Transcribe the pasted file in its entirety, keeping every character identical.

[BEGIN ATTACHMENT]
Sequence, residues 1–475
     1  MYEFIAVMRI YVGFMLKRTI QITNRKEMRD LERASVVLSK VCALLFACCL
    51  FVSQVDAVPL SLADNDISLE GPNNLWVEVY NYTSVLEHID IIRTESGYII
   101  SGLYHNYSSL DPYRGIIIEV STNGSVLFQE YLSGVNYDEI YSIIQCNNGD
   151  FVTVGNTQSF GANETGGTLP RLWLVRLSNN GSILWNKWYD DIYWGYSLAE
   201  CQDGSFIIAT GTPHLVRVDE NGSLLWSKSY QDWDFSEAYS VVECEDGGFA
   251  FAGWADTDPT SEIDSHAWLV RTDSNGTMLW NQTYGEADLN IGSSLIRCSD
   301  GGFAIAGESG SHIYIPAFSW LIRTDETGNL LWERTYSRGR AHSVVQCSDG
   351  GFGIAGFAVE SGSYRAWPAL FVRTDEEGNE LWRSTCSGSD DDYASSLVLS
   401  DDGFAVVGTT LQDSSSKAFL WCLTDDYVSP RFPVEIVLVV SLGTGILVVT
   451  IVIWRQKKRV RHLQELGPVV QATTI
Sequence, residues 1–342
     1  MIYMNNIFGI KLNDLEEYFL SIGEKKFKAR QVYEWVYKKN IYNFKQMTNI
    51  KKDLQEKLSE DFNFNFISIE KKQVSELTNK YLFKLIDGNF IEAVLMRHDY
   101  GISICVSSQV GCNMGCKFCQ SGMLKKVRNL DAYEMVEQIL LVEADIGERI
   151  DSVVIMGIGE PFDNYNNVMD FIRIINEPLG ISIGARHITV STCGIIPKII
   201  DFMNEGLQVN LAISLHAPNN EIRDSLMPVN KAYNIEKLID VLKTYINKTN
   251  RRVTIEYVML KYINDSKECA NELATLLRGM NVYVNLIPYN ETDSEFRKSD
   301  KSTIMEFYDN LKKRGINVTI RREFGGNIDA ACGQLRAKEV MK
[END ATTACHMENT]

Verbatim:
Sequence, residues 1–475
     1  MYEFIAVMRI YVGFMLKRTI QITNRKEMRD LERASVVLSK VCALLFACCL
    51  FVSQVDAVPL SLADNDISLE GPNNLWVEVY NYTSVLEHID IIRTESGYII
   101  SGLYHNYSSL DPYRGIIIEV STNGSVLFQE YLSGVNYDEI YSIIQCNNGD
   151  FVTVGNTQSF GANETGGTLP RLWLVRLSNN GSILWNKWYD DIYWGYSLAE
   201  CQDGSFIIAT GTPHLVRVDE NGSLLWSKSY QDWDFSEAYS VVECEDGGFA
   251  FAGWADTDPT SEIDSHAWLV RTDSNGTMLW NQTYGEADLN IGSSLIRCSD
   301  GGFAIAGESG SHIYIPAFSW LIRTDETGNL LWERTYSRGR AHSVVQCSDG
   351  GFGIAGFAVE SGSYRAWPAL FVRTDEEGNE LWRSTCSGSD DDYASSLVLS
   401  DDGFAVVGTT LQDSSSKAFL WCLTDDYVSP RFPVEIVLVV SLGTGILVVT
   451  IVIWRQKKRV RHLQELGPVV QATTI
Sequence, residues 1–342
     1  MIYMNNIFGI KLNDLEEYFL SIGEKKFKAR QVYEWVYKKN IYNFKQMTNI
    51  KKDLQEKLSE DFNFNFISIE KKQVSELTNK YLFKLIDGNF IEAVLMRHDY
   101  GISICVSSQV GCNMGCKFCQ SGMLKKVRNL DAYEMVEQIL LVEADIGERI
   151  DSVVIMGIGE PFDNYNNVMD FIRIINEPLG ISIGARHITV STCGIIPKII
   201  DFMNEGLQVN LAISLHAPNN EIRDSLMPVN KAYNIEKLID VLKTYINKTN
   251  RRVTIEYVML KYINDSKECA NELATLLRGM NVYVNLIPYN ETDSEFRKSD
   301  KSTIMEFYDN LKKRGINVTI RREFGGNIDA ACGQLRAKEV MK